Supply bottlenecks lead thieves to target storage facilities

2 March 2021

The impact of the coronavirus pandemic on global supply chains and logistics has led to a changing pattern of cargo thefts, with criminals increasingly targeting ports and warehouses.

The annual BSI & TT Club Cargo Theft Report found thefts of cargo in transit remained the highest proportion of all thefts – though the share was down to 71% from 87% in 2019 – while losses from warehouses and other storage facilities increased to 25%.

“The most significant trend... was the relative shift in the location of thefts, with in-transit incidents and those involving vehicles showing a decline, though remaining the most dominant threat, and theft from storage facilities increasing,” said the report.

“This trend was reflective of the disruption to supply chains brought about by radical changes to consumer buying patterns as a consequence of the pandemic.”

Mike Yarwood, managing director at TT Club, said: “The effects throughout 2020 of the Covid crisis threatened supply chain security, continuity and resilience.

“Not only did newly created high-value commodities such as PPE become targets for theft but bottlenecks in the logistics infrastructure at ports and warehouses brought increased potential risks. Temporary overflow storage facilities added to the dangers in loosening the grip of existing security systems.” 

Yarwood warned that vaccine supply chains would present a tempting target for thieves unless care was taken to ensure their security.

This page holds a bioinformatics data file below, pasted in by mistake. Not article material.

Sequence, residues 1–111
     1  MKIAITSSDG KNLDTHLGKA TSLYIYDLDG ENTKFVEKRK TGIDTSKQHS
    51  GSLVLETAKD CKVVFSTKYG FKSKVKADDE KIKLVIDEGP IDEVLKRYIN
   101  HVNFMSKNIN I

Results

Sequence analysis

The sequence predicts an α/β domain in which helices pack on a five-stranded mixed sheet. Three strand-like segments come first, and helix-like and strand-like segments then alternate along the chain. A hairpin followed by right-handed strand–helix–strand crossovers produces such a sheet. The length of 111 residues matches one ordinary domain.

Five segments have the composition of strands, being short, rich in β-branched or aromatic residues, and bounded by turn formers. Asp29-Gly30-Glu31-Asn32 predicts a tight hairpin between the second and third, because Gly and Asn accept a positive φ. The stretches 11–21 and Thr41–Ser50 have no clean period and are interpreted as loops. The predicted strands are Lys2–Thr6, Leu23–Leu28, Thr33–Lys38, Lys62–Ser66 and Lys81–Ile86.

“Although specific incidents have not yet occurred, unless distribution plans for vaccines are perfectly executed within the expectations of any given population, challenges will arise in protecting the single most valuable cargo of all in the coming months,” he said.

The food and beverage sector remained the largest target, accounting for 31% of all cargo theft.

The extent of the rise in the theft from storage facilities varied from region to region.

In Europe, the stockpiling of goods meant inventories came under particular threat and 48% of 2020 reported thefts came from warehouses and production facilities.

In 2019 only 18% came at such locations while 54% of incidents occurred in rest areas and parking sites in 2019, compared to 19% in 2020. 

The highest risk Asian countries remain India, Indonesia, China and Bangladesh. In Asia a high percentage of thefts were facilitated by employees and customs or other officials.

North American cargo theft occurred almost exclusively in-transit via hijackings or from a parked vehicle.

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